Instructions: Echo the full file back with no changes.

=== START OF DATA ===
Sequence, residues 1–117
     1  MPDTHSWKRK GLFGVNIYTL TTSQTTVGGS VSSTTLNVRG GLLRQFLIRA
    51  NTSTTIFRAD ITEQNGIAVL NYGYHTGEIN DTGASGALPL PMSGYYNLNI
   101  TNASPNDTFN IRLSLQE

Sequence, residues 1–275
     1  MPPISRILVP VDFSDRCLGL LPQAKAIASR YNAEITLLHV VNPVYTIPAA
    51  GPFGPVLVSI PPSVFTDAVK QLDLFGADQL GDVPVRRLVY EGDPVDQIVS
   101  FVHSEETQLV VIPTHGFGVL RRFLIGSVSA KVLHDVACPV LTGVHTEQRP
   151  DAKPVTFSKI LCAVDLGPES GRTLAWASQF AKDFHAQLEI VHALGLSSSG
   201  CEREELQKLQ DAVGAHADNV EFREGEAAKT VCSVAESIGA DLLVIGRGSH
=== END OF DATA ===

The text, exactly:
Sequence, residues 1–117
     1  MPDTHSWKRK GLFGVNIYTL TTSQTTVGGS VSSTTLNVRG GLLRQFLIRA
    51  NTSTTIFRAD ITEQNGIAVL NYGYHTGEIN DTGASGALPL PMSGYYNLNI
   101  TNASPNDTFN IRLSLQE

Sequence, residues 1–275
     1  MPPISRILVP VDFSDRCLGL LPQAKAIASR YNAEITLLHV VNPVYTIPAA
    51  GPFGPVLVSI PPSVFTDAVK QLDLFGADQL GDVPVRRLVY EGDPVDQIVS
   101  FVHSEETQLV VIPTHGFGVL RRFLIGSVSA KVLHDVACPV LTGVHTEQRP
   151  DAKPVTFSKI LCAVDLGPES GRTLAWASQF AKDFHAQLEI VHALGLSSSG
   201  CEREELQKLQ DAVGAHADNV EFREGEAAKT VCSVAESIGA DLLVIGRGSH